OPEPO Teachers

The OPEPO Teacher is a facilitator of learning. In order for children to construct their own knowledge, they must have access to a wide variety of sources and experiences, including hands-on activities, museums, encyclopedias, the internet, films, resource people, field work, and trips into the community. OPEPO teachers encourage students to pursue individual interests and construct new understanding through an inquiry process based on personal experience, experimentation, and research.

Kathryn Molotsky

Before becoming OPEPO’s math teacher, Kathryn was an organic farmer and piano teacher. The mom of three amazing kids, she has been living in Port Townsend for almost 30 years, and has loved every minute of it! Kathryn loves to integrate her love of animals and music into the classroom and often integrates these topics facts into lessons.

Fun Facts

Kathryn would love to have 100 farm animals, but doesn’t yet!

    3 Things Kathryn Loves

    • Music, especially piano
    • Her animals, goats, and her dog
    • Life!


    Renee Neugent

    Being a literacy teacher, it will come as no surprise that Renee enjoys books. She loves how reading lets us know about the world, and how writing gives us a voice and the power to create change. Before becoming a teacher, Renee studied cultural anthropology, environmental studies, and permaculture. Renee’s first teaching experience was leading nature education programs in her home state of Connecticut.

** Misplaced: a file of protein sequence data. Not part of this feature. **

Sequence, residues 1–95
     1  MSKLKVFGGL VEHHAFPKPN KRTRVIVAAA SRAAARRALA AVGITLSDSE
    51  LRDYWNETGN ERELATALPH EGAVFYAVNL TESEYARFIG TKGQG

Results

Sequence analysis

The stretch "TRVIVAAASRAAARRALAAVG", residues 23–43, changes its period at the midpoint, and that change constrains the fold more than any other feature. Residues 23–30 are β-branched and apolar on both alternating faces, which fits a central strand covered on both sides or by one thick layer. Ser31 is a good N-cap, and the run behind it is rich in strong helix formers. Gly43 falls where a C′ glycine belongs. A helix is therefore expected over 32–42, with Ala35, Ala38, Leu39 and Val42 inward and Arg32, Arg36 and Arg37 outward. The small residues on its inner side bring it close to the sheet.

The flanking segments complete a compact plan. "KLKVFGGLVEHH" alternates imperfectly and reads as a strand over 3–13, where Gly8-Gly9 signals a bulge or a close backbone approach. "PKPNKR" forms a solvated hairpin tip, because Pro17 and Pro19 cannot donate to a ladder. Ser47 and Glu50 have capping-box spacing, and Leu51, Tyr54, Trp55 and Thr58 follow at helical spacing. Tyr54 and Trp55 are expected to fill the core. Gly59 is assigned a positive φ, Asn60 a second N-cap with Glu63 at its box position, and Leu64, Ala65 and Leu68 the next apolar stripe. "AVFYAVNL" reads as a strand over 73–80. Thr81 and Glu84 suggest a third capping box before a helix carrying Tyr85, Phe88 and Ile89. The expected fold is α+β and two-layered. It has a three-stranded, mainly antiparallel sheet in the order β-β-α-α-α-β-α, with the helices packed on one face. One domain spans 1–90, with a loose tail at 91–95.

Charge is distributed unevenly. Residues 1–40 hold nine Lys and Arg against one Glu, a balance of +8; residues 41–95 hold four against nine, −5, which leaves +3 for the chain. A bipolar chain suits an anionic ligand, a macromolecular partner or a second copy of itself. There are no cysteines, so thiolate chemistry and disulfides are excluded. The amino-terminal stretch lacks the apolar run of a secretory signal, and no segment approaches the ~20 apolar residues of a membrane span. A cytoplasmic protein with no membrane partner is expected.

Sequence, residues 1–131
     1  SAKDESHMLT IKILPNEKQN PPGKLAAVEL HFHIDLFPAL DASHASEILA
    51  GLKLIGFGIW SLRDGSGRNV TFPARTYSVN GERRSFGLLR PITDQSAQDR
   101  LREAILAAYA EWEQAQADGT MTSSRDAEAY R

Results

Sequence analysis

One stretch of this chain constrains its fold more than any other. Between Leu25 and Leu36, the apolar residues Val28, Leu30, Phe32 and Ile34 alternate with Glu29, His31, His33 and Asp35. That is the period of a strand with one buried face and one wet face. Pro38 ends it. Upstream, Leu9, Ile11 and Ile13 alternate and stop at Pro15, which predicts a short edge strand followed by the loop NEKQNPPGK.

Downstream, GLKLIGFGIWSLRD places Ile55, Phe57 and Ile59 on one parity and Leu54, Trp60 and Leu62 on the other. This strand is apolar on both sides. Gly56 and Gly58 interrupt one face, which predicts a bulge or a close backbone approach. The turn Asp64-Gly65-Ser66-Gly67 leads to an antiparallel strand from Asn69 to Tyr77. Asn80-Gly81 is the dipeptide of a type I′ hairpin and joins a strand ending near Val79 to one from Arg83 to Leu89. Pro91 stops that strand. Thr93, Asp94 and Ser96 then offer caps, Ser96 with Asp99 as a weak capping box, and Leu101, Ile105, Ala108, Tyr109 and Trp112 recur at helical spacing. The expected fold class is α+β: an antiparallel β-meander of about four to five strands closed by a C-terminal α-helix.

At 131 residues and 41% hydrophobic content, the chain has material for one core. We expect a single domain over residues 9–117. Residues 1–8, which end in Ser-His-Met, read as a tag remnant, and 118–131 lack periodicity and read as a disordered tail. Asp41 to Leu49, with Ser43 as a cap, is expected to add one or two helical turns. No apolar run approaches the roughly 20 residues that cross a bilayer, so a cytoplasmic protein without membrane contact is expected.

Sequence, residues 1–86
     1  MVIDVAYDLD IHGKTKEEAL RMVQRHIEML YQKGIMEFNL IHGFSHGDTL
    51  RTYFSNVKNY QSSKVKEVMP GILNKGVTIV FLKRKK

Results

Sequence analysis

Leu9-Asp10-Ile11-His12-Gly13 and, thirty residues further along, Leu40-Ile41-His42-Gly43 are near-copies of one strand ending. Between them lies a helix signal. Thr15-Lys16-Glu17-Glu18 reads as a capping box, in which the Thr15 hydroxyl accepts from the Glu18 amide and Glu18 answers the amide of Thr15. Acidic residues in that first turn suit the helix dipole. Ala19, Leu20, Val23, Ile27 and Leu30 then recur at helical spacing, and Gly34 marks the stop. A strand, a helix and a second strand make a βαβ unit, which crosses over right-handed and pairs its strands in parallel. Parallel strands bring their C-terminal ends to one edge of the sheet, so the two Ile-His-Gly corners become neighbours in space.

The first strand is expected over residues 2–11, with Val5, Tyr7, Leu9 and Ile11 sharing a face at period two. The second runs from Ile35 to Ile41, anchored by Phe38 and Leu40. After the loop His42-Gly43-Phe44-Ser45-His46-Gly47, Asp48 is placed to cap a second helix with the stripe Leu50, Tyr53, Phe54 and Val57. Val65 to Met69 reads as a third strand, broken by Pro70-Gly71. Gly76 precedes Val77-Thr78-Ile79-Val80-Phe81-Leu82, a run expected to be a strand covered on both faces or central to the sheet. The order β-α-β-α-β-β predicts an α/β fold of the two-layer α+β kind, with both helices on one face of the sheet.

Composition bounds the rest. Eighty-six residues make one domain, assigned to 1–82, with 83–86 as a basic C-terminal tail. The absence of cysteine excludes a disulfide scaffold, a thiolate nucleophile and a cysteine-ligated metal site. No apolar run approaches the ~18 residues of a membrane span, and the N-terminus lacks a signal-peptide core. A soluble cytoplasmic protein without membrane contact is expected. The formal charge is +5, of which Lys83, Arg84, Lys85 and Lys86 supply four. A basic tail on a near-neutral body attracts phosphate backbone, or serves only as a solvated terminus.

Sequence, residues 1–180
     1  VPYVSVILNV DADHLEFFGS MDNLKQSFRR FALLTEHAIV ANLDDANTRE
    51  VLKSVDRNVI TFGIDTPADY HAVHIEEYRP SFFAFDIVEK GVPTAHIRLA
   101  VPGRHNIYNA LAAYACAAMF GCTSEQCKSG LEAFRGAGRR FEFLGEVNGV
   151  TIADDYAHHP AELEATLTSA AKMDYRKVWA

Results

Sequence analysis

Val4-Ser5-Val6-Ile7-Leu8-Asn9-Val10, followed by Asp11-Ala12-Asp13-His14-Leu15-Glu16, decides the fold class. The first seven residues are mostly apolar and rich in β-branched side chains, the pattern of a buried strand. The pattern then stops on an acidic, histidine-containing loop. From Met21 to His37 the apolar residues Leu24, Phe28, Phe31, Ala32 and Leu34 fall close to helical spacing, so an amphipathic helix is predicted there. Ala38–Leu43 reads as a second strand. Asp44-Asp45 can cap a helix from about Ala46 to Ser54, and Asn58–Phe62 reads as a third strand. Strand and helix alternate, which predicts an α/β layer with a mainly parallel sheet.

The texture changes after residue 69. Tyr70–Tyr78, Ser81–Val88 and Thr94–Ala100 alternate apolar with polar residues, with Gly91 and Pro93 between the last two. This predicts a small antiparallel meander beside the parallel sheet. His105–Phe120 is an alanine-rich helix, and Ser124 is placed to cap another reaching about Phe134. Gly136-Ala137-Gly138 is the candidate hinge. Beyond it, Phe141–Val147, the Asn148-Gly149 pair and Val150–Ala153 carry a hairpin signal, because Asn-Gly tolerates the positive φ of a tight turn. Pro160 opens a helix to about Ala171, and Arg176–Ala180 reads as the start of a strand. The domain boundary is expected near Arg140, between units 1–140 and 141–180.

Fun Facts

    • Renee’s mom and sister are also teachers.
    • Most days, you can find Renee riding her bike to school.
    • Renee has two cats and nine chickens.

    3 Things Renee Loves:

    • Her kids (including her students!)
    • Traveling
    • Being in nature

    Teacher/Facilitator Responsibilities

    By agreeing to teach OPEPO, teachers commit to:

    • Using a child-centered approach as the basis of learning and community decisions.
    • Providing activities that integrate areas of learner interest.
    • Assessing each child’s learning style, special interests, and level of development.
    • Working with parents and children to create and work toward academic and social/emotional goals.
    • Helping children follow through in meeting their goals with periodic self-evaluation.
    • Evaluating each child’s progress by maintaining a portfolio and writing an end-of-year summary.
    • Helping children develop the social skills needed to express their feelings in appropriate ways, be sensitive towards others’ feelings, negotiate and reach consensus, and to work successfully in a variety of groups.
    • Maintaining an environment conducive to learning by expecting students to take responsibility for care of materials and classroom.
    • Giving a monthly “classroom report” at the Parent Meeting.
    • Attending Parent Meetings and special committee meetings, where appropriate.

    Accommodating diverse learning styles and interests also requires teachers to stimulate new areas of study within the scope of the district-mandated curriculum.